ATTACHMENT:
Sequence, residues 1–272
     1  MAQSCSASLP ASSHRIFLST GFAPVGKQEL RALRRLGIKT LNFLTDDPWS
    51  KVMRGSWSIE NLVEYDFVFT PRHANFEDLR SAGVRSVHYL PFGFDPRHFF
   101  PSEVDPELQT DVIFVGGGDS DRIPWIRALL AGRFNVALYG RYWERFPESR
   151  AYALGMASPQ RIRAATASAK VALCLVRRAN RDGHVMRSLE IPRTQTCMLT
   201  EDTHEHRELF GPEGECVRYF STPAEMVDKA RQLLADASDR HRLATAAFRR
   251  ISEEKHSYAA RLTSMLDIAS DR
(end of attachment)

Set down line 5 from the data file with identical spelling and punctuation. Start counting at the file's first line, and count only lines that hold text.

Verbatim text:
   151  AYALGMASPQ RIRAATASAK VALCLVRRAN RDGHVMRSLE IPRTQTCMLT